Joan Rivers teeters into the needlepoint-bedecked library of her Upper East Side apartment wearing a pair of Miu Miu platform shoes with stupendously high heels. The shoes are new and the soles offer no traction, which means there is the possibility that a wrong step could land Rivers at eye level with her three pampered pooches.
Rivers is playing this entrance for laughs. But since her humor is not based on the physical comedy of the pratfall, but rather on the possibility of one, the comedian will almost certainly remain upright. She adeptly milks this moment with a pitched-forward posture, hands that awkwardly clutch at air and the breathless exasperation for which she is famous. She rasps a hello and starts in on the shoes, selected by her only child, Melissa, to incorporate all the notable trends of the season - platform, high heel, round toe - and in which she cannot walk.
If her onstage humor is sharp - some might say mean, and others might argue not even funny - in person Rivers is wry rather than cutting. Her edges have been blunted. In real life she's the doting grandmother of Melissa's 5-year-old son, and she does needlepoint.
Rivers, born Joan Sandra Molinsky to Jewish parents in Brooklyn in 1933, now has a Manhattan apartment like one in the movies, with a manned elevator that opens directly into her foyer. A white-coated manservant bustles about with drinks. A dark-haired woman tends to the dogs. If possessions and personal staff are a measure of success, then Rivers has done quite well.
She's been in show business for nearly 50 years. And in that time, she has been nominated for a Tony Award, won an Emmy for her daytime talk show and been handed her walking papers. She has played Broadway, Las Vegas and out-of-the-way clubs, always employing her signature line - "Can we talk? - and dishing out one-liners on the pomposity of celebrity, the privileges of beauty, the unfairness of life and her personal desperation born out of insecurity. She survived near financial ruin after a disastrous business relationship involving her jewelry company left her $37 million in debt. And most significantly, she rode out the emotional tsunami that followed husband Edgar Rosenberg's suicide in 1987.
But since 1996, when she first began interviewing celebrities on the red carpet for E! Entertainment, Rivers - with Melissa as her sidekick - has been known for dissecting, judging and ridiculing celebrity style. She moved to the TV Guide Channel, and on Sunday she and Melissa conducted their 1,000 red carpet interview at the 58th Primetime Emmy Awards.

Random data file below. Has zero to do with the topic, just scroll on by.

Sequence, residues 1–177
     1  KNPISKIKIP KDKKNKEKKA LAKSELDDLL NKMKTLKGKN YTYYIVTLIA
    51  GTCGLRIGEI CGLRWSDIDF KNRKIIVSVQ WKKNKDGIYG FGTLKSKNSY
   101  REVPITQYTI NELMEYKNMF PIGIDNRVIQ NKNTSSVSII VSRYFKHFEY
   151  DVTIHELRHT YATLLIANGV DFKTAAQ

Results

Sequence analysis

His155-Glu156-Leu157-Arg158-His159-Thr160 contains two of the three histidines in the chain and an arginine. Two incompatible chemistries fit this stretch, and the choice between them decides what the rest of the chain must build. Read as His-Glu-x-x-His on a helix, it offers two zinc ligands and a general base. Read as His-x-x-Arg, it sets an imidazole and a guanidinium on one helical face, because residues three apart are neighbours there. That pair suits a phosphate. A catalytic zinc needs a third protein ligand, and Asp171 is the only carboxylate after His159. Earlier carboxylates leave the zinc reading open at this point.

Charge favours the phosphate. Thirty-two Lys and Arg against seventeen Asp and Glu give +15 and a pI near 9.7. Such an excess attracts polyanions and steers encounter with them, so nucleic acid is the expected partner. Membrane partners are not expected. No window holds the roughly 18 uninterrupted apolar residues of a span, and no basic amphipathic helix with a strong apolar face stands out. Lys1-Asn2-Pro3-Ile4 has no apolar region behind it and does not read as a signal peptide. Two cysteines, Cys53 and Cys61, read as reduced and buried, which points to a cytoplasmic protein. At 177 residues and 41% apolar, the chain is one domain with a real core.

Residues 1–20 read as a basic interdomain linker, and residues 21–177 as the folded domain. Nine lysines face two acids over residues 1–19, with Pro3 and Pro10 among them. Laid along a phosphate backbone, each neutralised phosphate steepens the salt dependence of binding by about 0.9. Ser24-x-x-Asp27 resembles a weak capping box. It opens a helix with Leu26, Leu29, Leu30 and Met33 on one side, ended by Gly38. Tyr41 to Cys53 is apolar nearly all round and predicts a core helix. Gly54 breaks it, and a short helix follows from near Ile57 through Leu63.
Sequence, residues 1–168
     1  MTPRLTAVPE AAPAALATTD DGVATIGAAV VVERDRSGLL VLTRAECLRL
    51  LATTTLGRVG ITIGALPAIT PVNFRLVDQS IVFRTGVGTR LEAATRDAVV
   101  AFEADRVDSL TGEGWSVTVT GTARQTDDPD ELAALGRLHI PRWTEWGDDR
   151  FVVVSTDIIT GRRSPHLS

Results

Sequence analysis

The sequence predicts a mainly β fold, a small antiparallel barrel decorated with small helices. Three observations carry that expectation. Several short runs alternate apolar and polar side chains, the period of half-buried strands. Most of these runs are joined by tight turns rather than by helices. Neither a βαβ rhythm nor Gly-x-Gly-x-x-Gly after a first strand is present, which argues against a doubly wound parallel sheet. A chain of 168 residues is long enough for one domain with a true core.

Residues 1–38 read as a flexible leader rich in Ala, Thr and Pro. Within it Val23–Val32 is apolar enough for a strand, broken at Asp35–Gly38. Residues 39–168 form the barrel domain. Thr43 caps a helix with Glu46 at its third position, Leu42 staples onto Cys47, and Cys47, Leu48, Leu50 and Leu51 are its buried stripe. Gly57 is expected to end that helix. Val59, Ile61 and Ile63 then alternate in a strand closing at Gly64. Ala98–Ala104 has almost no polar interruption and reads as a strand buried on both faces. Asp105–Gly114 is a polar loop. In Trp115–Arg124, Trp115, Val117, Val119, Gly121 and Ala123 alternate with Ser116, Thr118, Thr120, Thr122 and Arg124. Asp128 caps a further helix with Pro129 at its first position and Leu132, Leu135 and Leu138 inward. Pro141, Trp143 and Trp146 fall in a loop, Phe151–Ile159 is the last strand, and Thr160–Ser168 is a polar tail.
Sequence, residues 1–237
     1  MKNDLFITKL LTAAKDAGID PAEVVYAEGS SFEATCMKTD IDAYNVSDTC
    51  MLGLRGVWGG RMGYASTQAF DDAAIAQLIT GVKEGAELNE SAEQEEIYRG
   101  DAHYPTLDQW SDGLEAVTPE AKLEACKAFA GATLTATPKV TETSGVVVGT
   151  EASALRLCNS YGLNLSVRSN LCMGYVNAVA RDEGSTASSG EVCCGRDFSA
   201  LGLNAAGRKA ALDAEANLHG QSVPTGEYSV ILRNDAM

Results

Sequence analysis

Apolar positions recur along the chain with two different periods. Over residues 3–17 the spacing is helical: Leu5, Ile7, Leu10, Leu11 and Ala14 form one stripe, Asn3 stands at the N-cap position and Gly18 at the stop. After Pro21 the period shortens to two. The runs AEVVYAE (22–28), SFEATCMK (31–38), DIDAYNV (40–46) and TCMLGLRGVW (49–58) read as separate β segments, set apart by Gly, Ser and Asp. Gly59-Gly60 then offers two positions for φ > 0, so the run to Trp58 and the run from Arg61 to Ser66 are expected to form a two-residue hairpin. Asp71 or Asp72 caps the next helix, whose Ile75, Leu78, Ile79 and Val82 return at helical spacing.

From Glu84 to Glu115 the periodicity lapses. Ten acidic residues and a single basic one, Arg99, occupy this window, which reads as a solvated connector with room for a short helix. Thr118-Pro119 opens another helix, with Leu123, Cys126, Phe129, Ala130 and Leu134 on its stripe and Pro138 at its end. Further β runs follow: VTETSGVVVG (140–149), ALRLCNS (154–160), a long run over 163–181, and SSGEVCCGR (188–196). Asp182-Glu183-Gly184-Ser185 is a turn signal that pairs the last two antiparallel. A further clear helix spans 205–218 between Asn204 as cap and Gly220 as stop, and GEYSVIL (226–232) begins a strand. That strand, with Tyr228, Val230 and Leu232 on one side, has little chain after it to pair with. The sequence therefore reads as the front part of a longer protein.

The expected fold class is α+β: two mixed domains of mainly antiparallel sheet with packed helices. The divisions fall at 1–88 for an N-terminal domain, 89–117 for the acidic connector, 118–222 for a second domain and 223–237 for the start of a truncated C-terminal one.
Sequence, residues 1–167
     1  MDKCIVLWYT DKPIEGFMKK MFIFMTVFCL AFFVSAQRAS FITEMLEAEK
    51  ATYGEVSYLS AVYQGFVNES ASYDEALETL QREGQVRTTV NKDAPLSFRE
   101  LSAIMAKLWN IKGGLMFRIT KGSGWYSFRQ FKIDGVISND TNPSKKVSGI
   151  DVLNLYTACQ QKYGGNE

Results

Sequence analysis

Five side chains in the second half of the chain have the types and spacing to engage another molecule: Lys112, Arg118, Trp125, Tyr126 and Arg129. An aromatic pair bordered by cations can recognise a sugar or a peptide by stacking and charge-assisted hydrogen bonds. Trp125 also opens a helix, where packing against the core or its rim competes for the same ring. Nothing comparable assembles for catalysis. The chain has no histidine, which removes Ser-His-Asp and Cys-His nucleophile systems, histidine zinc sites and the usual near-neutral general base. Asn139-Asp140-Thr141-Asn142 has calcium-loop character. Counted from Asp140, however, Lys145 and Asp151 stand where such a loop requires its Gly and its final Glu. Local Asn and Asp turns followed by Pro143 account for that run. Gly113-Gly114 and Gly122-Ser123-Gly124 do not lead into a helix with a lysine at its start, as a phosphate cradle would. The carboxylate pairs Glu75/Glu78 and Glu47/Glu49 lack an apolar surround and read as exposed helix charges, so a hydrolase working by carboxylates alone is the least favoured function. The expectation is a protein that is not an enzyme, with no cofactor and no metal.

Joan Rivers still lassoes the big stars - even though she sometimes can't remember their names - and gets prime real estate on the crowded red carpet. Both such accomplishments do not come without a fight. Rivers doesn't shrink from administering a public scolding - as when a camera crew from the BBC stole her Nicole Kidman interview. Or when a publicist is uncooperative. "There's one little blond press agent who just doesn't like me," she says. "She took two interviews away from me - that ugly little dwarf."
At E!, Rivers would not only interview stars as they were arriving for the major award shows, she would also lead a kaffeeklatsch after the event, during which she, Melissa and various guest designers would conduct a painful - but funny - postmortem of the fashion.
She continues the mix of live reporting and Monday morning quarterbacking at TV Guide, where she and Melissa signed a three-year, $8 million contract.
Rivers took to the red carpet during one of several low points in her career. "My TV show was over. The Broadway show closed the same week. Someone had just absconded with my money," she says. "I'm always one to say, 'Just try it.'"
Snagging red-carpet interviews at that time was considered about as desirable a gig as chasing ambulances.
"My first interview was John Travolta. He was just coming back, too, with Pulp Fiction," Joan recalls. "He literally said, 'What the [expletive] are you doing out here?'"
There is a devil-may-care mood when Rivers is on the air. She is amusing to watch because she may be brilliantly funny or she may fall flat. She will rarely gush. She will only occasionally be inappropriate, for interviewers who behave badly are punished by the celebrity wranglers.
On Emmy night, there was also the tantalizing possibility that Mama Rivers might forget a major actor's name or not bother to hide the fact that she had no idea who any of the people are from Huff or House.
"They have drinking parties and every time I miss a name, you take a drink," she says, chuckling.
"It's impossible, especially with the Emmys," she says. "There's like 130 new shows. And you're supposed to know someone who's third billing on CSI: Hoboken?"
Others have tried to do what Rivers does. Star Jones Reynolds gushed too much. Kathy Griffin was too fast and too droll - the actors couldn't keep up. Isaac Mizrahi groped the starlets. Geena Davis, in 1999, tried to intellectualize the red carpet. "She was putting us down," Rivers says, and here she quietly raises her middle finger and gleefully jabs it into the air for emphasis. "She said, 'I'm not going to ask stupid questions like Joan and Melissa. I'm not going to ask, 'Who are you wearing?'"
And here Rivers wonders what Davis thought was a more appropriate question: How would you negotiate world peace? "People want to know: Are you excited? Are you happy? Is this your mother?"
And, of course, who are you wearing?
Melissa, four days before the Emmys, didn't have a dress. "You'd think people would be sending us gowns hand over fist," she says. "I'm waiting until they've finished with all the A-list people, the nominees. There's nothing more humbling than to interview someone and have them say, 'Oh, I tried that one on.'"
And her mother? She was wearing Bill Blass.
(The Washington Post)